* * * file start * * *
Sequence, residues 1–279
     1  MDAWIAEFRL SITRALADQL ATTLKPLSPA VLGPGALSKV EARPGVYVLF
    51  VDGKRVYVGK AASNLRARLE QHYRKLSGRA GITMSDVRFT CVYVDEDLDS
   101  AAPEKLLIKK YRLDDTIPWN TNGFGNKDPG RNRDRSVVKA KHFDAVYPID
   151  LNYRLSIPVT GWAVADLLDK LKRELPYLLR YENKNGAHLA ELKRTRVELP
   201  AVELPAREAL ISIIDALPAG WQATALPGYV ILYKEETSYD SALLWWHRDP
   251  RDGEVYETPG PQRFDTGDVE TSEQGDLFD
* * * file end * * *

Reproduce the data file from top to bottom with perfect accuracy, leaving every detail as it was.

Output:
Sequence, residues 1–279
     1  MDAWIAEFRL SITRALADQL ATTLKPLSPA VLGPGALSKV EARPGVYVLF
    51  VDGKRVYVGK AASNLRARLE QHYRKLSGRA GITMSDVRFT CVYVDEDLDS
   101  AAPEKLLIKK YRLDDTIPWN TNGFGNKDPG RNRDRSVVKA KHFDAVYPID
   151  LNYRLSIPVT GWAVADLLDK LKRELPYLLR YENKNGAHLA ELKRTRVELP
   201  AVELPAREAL ISIIDALPAG WQATALPGYV ILYKEETSYD SALLWWHRDP
   251  RDGEVYETPG PQRFDTGDVE TSEQGDLFD